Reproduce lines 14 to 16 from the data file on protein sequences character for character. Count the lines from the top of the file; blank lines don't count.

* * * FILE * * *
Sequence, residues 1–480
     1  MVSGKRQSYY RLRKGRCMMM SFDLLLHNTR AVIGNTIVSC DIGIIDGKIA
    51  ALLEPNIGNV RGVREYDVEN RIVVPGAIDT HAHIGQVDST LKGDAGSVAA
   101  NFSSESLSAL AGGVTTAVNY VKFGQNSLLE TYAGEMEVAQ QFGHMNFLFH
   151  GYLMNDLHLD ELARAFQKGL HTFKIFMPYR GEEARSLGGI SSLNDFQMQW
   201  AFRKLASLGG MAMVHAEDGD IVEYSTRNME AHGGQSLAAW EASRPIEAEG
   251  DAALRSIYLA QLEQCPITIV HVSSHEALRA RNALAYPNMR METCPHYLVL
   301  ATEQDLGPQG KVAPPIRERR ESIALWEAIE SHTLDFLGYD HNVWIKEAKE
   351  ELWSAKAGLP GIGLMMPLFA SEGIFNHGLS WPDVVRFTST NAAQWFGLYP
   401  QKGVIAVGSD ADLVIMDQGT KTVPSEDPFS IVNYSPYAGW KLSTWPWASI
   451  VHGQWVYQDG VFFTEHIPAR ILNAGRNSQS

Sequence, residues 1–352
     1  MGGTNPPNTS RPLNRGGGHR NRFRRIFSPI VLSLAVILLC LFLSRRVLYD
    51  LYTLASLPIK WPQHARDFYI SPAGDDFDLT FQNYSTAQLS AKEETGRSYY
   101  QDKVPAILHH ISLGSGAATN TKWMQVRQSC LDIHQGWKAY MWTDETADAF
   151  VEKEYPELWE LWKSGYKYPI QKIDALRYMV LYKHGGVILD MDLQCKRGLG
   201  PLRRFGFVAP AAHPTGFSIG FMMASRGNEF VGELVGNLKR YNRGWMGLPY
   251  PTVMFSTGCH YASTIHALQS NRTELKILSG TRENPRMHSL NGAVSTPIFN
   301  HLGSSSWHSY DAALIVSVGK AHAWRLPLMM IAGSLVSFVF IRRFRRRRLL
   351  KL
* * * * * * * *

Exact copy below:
    51  LYTLASLPIK WPQHARDFYI SPAGDDFDLT FQNYSTAQLS AKEETGRSYY
   101  QDKVPAILHH ISLGSGAATN TKWMQVRQSC LDIHQGWKAY MWTDETADAF
   151  VEKEYPELWE LWKSGYKYPI QKIDALRYMV LYKHGGVILD MDLQCKRGLG